Yes You Can

Today’s WYOS topic is called "Yes You Can" and is inspired by the many people out there who claim-and are convinced-they cannot write.   

Let me start by saying: Yes. You Can! If you can read and understand these lines, you have the tools to write your own.  

The Struggle

So why do so many of us struggle with putting pen to paper?

Yes, I struggle too, But before delving into my personal journey, here are some of the reasons mentioned by clients and friends when asked if and, if so, why they shy away from writing: 


"I hated writing at school. I’m just really bad at it.”

"I’m just not confident enough – and I question every word I write.” 

"Growing up, I was constantly told I was useless at writing.”


“It takes me ages to come up with decent sentences. Wish it were easier…”

“My teachers always told me to stick with numbers.…” 

“Other people are so much better than me. It’s really intimidating.”

Courtesy of Jen Theodore
Courtesy of Jen Theodore

"I want to, but it feels so daunting."

"I’d love to write, but I just don’t have the discipline for it.” 

“I never know what to write about.”

“I am incapable of finding the words to write.”

"I wish I knew how!"


"I have plenty of ideas. But I can't even string a decent sentence together.."


  • Some of us have been told we cannot write.
  • Some of us believe we cannot write. 
  • Some of us lack the discipline to write.
  • Some of us don’t have the confidence to write.
  • Some of us feel we have nothing to say.     

My Story

And some of us suffer from a crippling blend of perfectionism and fear of failure, That was I – and occasionally still is. With a mixed linguistic background, I was quick to pick up multiple languages, but also painfully aware of my shortcomings in all of them. Added pressure came from being told I was “good at languages”. 

Courtesy of Jamie Street
Courtesy of Jamie Street

How to live up to expectations? What if I make mistakes? What if I'm not good enough? What if people discover my weaknesses? What if I sound silly and inept? 

 

So many debilitating “what ifs” to stop me in my tracks - and provide ample excuse to play safe and stay away from creative writing, or any other writing for that matter.  

 

Yet the desire to be creative with words was always there – and grew stronger with time, essentially forcing me to face-and conquer-my negative what ifs.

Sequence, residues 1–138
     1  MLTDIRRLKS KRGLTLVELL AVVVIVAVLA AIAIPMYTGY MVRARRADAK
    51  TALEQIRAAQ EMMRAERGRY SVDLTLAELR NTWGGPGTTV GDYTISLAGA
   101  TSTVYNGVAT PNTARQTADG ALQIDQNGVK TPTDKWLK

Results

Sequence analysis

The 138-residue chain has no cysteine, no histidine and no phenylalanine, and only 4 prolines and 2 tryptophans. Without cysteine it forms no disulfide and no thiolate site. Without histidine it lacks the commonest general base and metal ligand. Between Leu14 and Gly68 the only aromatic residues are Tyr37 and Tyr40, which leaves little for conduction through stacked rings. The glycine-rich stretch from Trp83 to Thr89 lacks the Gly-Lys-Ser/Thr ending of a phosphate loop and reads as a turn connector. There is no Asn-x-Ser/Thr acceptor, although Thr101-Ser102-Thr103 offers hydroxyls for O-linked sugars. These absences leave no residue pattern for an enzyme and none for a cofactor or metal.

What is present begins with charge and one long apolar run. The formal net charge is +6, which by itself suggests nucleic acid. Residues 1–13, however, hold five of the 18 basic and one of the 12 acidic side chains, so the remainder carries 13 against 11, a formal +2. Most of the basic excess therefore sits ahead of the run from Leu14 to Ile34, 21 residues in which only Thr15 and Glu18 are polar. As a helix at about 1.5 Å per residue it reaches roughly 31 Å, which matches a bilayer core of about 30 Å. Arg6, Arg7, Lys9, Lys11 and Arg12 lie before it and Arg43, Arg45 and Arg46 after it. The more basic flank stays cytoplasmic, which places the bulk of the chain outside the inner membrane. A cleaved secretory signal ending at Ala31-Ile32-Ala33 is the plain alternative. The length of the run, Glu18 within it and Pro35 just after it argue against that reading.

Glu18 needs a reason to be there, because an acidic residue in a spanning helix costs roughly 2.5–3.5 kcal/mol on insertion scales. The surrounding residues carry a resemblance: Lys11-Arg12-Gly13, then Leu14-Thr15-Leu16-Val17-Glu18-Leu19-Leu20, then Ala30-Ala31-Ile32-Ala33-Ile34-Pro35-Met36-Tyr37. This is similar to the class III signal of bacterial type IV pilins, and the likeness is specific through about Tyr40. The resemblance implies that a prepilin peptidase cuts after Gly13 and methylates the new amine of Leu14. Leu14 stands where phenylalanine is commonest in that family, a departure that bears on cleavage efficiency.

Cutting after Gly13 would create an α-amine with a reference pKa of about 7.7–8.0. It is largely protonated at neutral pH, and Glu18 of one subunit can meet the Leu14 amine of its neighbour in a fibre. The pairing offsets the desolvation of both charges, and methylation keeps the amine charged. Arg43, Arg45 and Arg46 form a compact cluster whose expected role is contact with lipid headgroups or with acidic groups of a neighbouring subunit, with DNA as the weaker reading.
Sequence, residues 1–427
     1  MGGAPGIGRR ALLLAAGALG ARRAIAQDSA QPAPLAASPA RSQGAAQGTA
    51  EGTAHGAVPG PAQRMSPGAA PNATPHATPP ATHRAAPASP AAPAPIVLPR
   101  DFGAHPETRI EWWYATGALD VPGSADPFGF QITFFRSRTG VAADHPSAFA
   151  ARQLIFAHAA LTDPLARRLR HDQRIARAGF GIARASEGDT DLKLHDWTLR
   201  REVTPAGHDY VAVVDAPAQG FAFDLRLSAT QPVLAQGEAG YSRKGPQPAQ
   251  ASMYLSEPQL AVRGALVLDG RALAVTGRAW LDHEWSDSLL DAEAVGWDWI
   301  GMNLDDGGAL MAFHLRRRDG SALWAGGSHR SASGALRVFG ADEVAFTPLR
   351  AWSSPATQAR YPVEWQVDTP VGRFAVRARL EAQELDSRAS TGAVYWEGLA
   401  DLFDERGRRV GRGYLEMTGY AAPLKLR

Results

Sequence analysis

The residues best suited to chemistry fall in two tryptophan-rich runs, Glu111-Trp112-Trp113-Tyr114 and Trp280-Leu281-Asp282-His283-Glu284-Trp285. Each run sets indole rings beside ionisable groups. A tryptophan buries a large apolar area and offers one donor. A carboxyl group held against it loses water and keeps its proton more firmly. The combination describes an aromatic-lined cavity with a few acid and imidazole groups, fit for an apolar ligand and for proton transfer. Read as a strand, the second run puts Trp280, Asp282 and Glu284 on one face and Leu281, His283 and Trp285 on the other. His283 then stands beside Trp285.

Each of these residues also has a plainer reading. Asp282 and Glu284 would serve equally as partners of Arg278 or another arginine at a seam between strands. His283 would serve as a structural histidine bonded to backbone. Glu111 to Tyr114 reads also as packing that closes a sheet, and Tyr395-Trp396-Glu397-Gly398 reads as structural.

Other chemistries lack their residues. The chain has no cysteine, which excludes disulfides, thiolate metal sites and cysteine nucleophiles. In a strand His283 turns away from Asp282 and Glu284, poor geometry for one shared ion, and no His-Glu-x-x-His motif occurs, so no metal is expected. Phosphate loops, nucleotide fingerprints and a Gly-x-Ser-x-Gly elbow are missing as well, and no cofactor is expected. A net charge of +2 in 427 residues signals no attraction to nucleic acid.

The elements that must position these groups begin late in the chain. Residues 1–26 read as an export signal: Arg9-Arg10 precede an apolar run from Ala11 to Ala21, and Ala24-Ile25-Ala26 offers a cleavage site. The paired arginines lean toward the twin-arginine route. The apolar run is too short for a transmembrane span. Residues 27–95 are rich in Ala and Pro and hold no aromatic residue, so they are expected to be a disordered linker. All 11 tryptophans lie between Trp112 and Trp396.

Moving Forward Step by Step

The fact that I am writing this blog is proof that what you are about to read enabled me to take the plunge and enjoy sharing what I write. Whatever it is that’s stopping you, whether it’s perfectionism, lack of confidence, lack of discipline, long harboured beliefs or fear of failure, I hope you’ll find it useful too:  

The first step to beating those toxic “what ifs” was acceptance. I had to accept that the only obstacle between me and creative writing/blogging was I; so, clearly, it was up to me to make change happen.

Courtesy of Amal Martinez Vilà
Courtesy of Amal Martinez Vilà

Step number two was to issue-and adhere to-a strict, self-imposed ban on making excuses for not writing. Farewell to all the ifs and buts.  


Step number three proved to be the most challenging. It involved giving a positive spin to my negative “what ifs”. Since the occasional “what if” still pays my mind an unannounced visit, I keep the following list of counter-phrases and vows displayed on my desk: 

Walking the Talk

Step number four is where I am today. I am walking the talk. Sometimes I do well, and sometimes I mess up. And that’s OK. I understand that I cannot please all. Provided I am not out to offend anyone, that’s OK, too. 

And I will journey on, celebrating the small wins and learning from my falls, slips and mishaps on the way.  

Some Practical Suggestions

For those of you whose struggle with writing is chiefly a practical one and manifests itself in not knowing how or where to begin, here are three suggestions to help you get started:  

Courtesy of Braden Collum
Courtesy of Braden Collum

1. REMEMBER that something is always better than nothing. So, whenever you have an idea, thought or creative concept, be sure to record it in whichever manner* suits you. When doing so, focus on content, not on words or sentences. This is how you can build your unique source and reservoir of content that will greatly facilitate the process of writing.  

 

*There are many ways to record content besides writing. Since most of us never leave the house without our smartphones, consider using yours as a “dictaphone” for content generating.

 

2. WHEN you start writing, resort to your reservoir for ideas and content. You will be amazed at how much of the work you have  already accomplished.   

 

3. THERE IS no such thing as perfection, which means searching for the perfect sentence is a futile exercise. Therefore, rather than staring at your computer screen or at a blank sheet of paper for hours on end, get writing! When doing so, don’t succumb to the urge to rewrite every sentence. Reviewing and editing starts once you have finished writing. That will be soon enough.

Courtesy of Hannah Grace
Courtesy of Hannah Grace

Courtesy of Danielle Macinnes
Courtesy of Danielle Macinnes

 

Enough said, except to encourage you to get writing. Because:

  • If you want to you can.
  • If you have to you can.

Thank you so much for reading and/or listening. WYOS will be back soon.

 

Till then, stay safe and keep Walking in Your Own Shoes.